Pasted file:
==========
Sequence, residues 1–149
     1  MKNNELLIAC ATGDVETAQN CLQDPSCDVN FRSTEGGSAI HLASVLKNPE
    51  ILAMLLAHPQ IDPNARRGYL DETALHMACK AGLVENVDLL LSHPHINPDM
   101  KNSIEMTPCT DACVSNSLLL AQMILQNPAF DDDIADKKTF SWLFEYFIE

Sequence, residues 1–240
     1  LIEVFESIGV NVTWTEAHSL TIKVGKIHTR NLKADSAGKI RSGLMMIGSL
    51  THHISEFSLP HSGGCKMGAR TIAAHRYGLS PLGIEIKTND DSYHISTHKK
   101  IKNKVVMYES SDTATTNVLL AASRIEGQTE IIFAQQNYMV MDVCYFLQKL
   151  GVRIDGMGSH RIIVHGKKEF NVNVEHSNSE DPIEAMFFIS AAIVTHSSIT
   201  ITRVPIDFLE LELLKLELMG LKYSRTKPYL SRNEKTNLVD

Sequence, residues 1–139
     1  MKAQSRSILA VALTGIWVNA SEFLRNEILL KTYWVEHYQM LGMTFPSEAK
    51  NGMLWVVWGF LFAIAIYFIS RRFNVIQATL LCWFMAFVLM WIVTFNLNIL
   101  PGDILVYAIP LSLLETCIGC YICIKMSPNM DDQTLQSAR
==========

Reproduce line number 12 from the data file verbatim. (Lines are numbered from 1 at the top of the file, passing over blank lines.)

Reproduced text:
     1  MKAQSRSILA VALTGIWVNA SEFLRNEILL KTYWVEHYQM LGMTFPSEAK